Following are UN Deputy Secretary-General Amina Mohammed’s remarks at the launch of the United Nations Global Assessment Report on Disaster Risk Reduction 2022 — “Our Work at Risk: Transforming Governance for a Resilient Future”, in New York today:
The report we launch today comes just weeks after the launch of the Intergovernmental Panel on Climate Change’s latest report on climate change and mitigation.
Both reports provide important opportunities to reflect on the major economic, human, environmental and social costs of inadequate disaster preparedness and risk reduction in the face of the changing climate. And both remind us that the science is clear. We are perilously close to tipping points that could lead to cascading and irreversible climate impacts with devastating consequences for people and planet.
In developing the Global Assessment Report we’re launching today, I want to thank the United Nations Office for Disaster Risk Reduction and its Group of Friends for the detailed analytical work, but especially for the recommendations included in the report. Analysis must be followed by action, and this report provides a clear road map of what countries must do.
Disasters pose a major threat to the achievement of the Sustainable Development Goals and the Paris Agreement on climate change. As a world, we are entering a new normal. Disasters are happening with increased occurrence and intensity. The last few years have provided a stark reminder of the impacts global disasters can have on our economies, our societies and on the most vulnerable people in our world. And these disasters are occurring against a backdrop of deep global instability and conflict.
The war in Ukraine is the latest example. It has led to the senseless loss of thousands of lives. The displacement of more than 10 million people — mainly women and children. The systematic destruction of essential infrastructure. And skyrocketing food, energy and fertilizer prices worldwide, along with disrupted global supply chains and the financial sector.
And this crisis hits at a time where the world is still reeling from the effects of the COVID-19 global pandemic, and grappling with a climate emergency — both of which have redefined what risk means in the twenty-first century.
Our goal, as captured in the Secretary-General’s report on Our Common Agenda, is a healthy planet where people thrive. Disasters can destroy decades of progress in minutes. Therefore, being better prepared and taking measures to reduce disaster risk must be at the heart of all sustainable development efforts.
The Global Crisis Response Group on Food, Energy and Finance, launched by the Secretary-General last month, also aim at helping developed and developing countries to face the indirect impacts of the war in Ukraine. Its first brief found that 107 economies are severely exposed to at least one dimension of the shock.
Effective disaster preparedness and risk management provides an important safeguard for hard-won gains in sectors like health, education, water, sanitation and more. It also prevents new risks by ensuring development and economic growth are risk informed every step of the way.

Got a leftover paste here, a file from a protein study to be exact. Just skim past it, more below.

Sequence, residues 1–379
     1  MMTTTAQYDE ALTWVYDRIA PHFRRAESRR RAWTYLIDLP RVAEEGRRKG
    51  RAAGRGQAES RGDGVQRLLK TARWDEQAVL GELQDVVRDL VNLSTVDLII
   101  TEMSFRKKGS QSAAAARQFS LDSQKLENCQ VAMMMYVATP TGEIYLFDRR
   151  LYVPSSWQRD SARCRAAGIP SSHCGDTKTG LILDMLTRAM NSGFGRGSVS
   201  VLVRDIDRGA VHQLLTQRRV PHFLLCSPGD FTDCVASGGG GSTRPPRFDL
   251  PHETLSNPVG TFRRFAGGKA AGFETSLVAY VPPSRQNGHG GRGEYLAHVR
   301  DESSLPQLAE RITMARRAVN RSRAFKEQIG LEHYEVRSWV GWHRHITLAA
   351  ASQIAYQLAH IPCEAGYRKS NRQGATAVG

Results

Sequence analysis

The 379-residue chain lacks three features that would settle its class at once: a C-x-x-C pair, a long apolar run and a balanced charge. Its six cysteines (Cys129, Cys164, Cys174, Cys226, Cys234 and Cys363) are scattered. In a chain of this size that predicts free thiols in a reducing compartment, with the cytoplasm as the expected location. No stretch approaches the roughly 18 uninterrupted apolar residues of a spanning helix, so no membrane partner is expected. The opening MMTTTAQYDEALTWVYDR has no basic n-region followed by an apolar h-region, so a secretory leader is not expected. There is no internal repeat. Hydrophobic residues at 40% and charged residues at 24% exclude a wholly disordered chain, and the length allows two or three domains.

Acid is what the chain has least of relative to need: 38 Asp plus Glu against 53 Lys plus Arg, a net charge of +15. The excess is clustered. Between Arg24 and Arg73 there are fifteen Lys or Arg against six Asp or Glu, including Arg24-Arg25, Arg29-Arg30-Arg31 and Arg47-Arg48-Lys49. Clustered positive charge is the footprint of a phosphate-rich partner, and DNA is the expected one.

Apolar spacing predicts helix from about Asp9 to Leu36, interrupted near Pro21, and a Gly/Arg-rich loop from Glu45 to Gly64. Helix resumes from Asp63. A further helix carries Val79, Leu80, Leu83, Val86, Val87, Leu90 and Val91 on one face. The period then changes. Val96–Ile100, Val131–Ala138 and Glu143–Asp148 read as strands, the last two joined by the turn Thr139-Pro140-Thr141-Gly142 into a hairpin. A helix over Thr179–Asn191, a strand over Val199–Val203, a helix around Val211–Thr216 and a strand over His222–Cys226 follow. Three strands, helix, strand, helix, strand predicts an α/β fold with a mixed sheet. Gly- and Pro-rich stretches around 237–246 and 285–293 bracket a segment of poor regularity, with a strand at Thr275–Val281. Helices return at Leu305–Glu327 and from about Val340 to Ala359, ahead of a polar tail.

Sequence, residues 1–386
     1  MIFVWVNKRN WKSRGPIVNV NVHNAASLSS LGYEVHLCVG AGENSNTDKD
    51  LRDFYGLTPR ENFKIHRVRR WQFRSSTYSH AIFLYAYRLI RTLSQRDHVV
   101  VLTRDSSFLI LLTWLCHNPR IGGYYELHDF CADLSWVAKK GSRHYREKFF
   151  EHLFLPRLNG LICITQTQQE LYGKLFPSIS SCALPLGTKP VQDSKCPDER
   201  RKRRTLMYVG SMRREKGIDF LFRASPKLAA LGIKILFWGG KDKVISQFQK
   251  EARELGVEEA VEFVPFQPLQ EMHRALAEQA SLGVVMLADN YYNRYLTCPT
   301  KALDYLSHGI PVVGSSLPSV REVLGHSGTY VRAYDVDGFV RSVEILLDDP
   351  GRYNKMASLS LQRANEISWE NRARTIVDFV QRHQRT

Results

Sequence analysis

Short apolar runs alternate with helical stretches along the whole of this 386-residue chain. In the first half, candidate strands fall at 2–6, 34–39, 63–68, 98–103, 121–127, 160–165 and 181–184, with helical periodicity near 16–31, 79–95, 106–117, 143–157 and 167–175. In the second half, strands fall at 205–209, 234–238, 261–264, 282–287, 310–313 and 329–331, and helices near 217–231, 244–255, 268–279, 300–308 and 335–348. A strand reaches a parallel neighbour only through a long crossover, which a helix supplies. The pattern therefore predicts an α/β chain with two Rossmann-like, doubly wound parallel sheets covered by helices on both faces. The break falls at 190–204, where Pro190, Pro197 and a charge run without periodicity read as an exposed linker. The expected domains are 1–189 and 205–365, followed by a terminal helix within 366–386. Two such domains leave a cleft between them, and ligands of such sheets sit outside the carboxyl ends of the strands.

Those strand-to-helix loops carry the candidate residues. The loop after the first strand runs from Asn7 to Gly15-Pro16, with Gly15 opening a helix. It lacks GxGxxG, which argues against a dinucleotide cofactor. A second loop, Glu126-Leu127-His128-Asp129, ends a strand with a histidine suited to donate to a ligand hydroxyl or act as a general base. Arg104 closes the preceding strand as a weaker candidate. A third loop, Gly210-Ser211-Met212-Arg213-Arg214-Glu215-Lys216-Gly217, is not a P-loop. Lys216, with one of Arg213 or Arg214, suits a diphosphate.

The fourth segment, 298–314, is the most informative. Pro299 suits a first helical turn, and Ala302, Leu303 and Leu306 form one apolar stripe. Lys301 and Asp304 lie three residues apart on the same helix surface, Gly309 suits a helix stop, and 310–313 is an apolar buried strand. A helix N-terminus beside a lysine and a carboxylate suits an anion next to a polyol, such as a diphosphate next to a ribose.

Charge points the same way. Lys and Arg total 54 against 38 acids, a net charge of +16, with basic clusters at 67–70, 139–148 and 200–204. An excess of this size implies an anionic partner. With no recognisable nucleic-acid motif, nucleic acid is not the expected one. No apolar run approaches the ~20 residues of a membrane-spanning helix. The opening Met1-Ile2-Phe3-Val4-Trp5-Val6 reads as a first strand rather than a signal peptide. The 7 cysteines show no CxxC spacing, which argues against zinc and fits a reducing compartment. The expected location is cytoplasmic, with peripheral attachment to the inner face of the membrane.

Today, I want to highlight three key priorities for progress on disaster risk reduction. First, the Global Assessment Report on Disaster Risk Reduction reminds us we must measure what we value, recognizing the worth not only of economic prosperity, but also of people and the planet. Indeed, the Secretary‑General has initiated work to find additional measurements for well‑being, beyond gross domestic product (GDP), building on earlier efforts.
Second, the report calls on us to reconfigure governance systems to reduce risk and strengthen resilience. In an age of complex risks with cascading and multiplying impacts, we must break down siloed thinking, and adopt a whole‑of‑society approach. What happens to one happens to all. And as with all we do towards achieving the Sustainable Development Goals, we must put local communities and the people most affected by disasters at the heart of our planning and action, and factor in how humans make decisions about risks.
And third, decisions should be based on science and data, including indigenous and traditional knowledge that can add nuance and a deeper understanding to specific challenges. Innovations in systemic risk modelling also offer a promising mechanism to better anticipate and respond to risk.
We are halfway through the implementation of the Sendai Framework for Disaster Risk Reduction. As we approach the midterm review of our progress next year, the 2022 Global Assessment Report offers valuable recommendations to tackle climate change and increase resilience.
There is no time to waste. The current uncertainties around our world must not be a barrier to action. Delay is not an option. We can no longer afford delaying investments in disaster risk reduction.
The systemic challenges of the twenty-first century require systemic thinking, coordination and response if we are to create a more sustainable, more resilient and more equitable future for all. With your help and continued commitment, I know we will get there. Thank you.